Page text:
With Tyrod Taylor back, it's clearly arrows up on Brandin Cooks. He has 29.2% of the team's targets this year; it just hasn't always mattered due to sub-par quarterback play. That's less of a concern now.

We do want to keep a couple things in mind here, though. Primarily, Cooks tends to feast indoors on turf, which isn't in play this weekend. All 4 of his games with 80-plus receiving yards this year came on turf, though he did get to 78 in 1 game on grass. Additionally, his $6,800 salary is just $100 lower than Amari Cooper, so it's not as if Cooks has no competition in his salary tier.

You can and should still get to Cooks in your lineups with Parker and Waddle. It's just important not to get too far ahead of ourselves when there are still some downsides with the situation. Either way, this is a fun game that suddenly grades out well for mini stacks at receiver.

A Tricky Potential Shootout

On paper, the Philadelphia Eagles hosting the Los Angeles Chargers should be a prime game to stack. It's a high total with a tight spread in a game where we know where the ball is going.

The style of defense each team plays, though, puts a lid on the enthusiasm.

Both the Eagles and Chargers sell out to limit downfield pass attempts against them. The Eagles' defense has faced the lowest aDOT by opposing passers. Although the Chargers' aDOT allowed is about league average, opposing quarterbacks have completed just 6 of 31 deep attempts against them (19.4%) on the year. That hurts the upside of both passing offenses.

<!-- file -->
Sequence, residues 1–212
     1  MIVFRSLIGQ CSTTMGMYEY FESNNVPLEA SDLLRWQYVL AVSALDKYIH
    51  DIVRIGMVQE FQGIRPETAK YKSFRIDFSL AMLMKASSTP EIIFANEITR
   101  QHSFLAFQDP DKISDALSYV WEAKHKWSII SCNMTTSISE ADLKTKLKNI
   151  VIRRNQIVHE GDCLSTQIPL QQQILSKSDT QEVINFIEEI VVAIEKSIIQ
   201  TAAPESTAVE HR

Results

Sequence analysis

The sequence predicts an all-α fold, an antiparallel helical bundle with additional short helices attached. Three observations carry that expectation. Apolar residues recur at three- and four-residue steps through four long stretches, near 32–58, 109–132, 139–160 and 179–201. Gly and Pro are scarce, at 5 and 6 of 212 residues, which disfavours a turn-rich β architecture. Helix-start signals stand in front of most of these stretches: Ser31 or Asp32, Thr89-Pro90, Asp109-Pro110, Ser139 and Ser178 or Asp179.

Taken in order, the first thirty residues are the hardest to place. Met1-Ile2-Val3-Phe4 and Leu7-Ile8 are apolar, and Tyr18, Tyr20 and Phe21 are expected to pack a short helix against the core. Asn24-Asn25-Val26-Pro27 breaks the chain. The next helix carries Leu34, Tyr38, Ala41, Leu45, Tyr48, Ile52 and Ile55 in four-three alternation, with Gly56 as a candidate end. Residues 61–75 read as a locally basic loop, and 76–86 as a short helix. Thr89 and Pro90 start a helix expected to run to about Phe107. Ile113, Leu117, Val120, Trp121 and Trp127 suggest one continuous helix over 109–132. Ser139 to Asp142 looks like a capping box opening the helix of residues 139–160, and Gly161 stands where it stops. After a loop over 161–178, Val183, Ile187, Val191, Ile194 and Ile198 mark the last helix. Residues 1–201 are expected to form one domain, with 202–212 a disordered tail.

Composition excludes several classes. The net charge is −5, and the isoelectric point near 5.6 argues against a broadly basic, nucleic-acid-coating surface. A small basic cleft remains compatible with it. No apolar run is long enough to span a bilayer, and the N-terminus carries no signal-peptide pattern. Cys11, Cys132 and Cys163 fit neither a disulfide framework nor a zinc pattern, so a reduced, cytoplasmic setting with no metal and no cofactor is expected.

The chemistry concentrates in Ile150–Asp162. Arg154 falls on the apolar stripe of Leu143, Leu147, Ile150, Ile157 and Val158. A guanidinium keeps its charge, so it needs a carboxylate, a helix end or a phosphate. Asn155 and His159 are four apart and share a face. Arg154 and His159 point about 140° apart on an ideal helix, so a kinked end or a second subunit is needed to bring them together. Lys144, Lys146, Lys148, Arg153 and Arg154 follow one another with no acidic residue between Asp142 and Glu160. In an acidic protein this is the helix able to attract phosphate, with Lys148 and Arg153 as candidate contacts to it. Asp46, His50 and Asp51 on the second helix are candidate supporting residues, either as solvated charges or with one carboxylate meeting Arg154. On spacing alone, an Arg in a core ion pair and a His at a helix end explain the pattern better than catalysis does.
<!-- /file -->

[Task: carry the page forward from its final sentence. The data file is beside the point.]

In theory, it'd be a great spot to buy into Mike Williams and Justin Herbert after a couple of down games. It still might be, and they're firmly in consideration. But the Eagles' defensive philosophy does throw some cold water on the situation.

The two guys who stand out despite this specific concern are Austin Ekeler and Dallas Goedert.

Ekeler's salary is $9,000, which is mighty lofty. But the Eagles rank just 25th against the rush, and Ekeler has proven he has upside. He has 100-plus yards from scrimmage in 5 of 7 games, and he has at least half of the team's red-zone opportunities in 3 straight games. His workload falls short of Dalvin Cook's, but given the gap in their respective matchups, I'd give the edge to Ekeler.

As for Goedert, his role has been superb since the Zach Ertz trade. In 2 games, Goedert leads with 25.5% of the targets and has topped 70 yards both times. It's usually hard to find that yardage upside at tight end. It puts Goedert on par with or ahead of Kittle among the non-elite tight end options for the week.

The Giants' Injury Landslide

Even with Kenny Golladay returning to practice Thursday, we know the New York Giants are banged up entering the week. Sometimes, that can lead to a tipping point where we want to avoid the entire offense. Here, though, we can still have some level of enthusiasm.

That largely comes from having confidence in where the ball is going. That's to Kadarius Toney and Devontae Booker, assuming Saquon Barkley isn't able to return from the COVID-19 list before kickoff. (UPDATE: Barkley was able to practice Friday, indicating a return is possible this week, assuming his ankle is good to go. If Barkley is a full-go in practice Friday, it's worth noting he averaged 96.3 yards from scrimmage in full games before his injury. His 50.0% red-zone share would rank first on the slate. Monitor reports around Barkley's workload, and if it seems like he'll be at full strength, he's firmly a consideration at $7,500.)

Toney's role was limited last week in his first game off an ankle injury, and he hurt his thumb late. He's been able to log limited sessions this week, though, putting him on track to be healthier than he was in Week 9 being one week further removed from the ankle injury.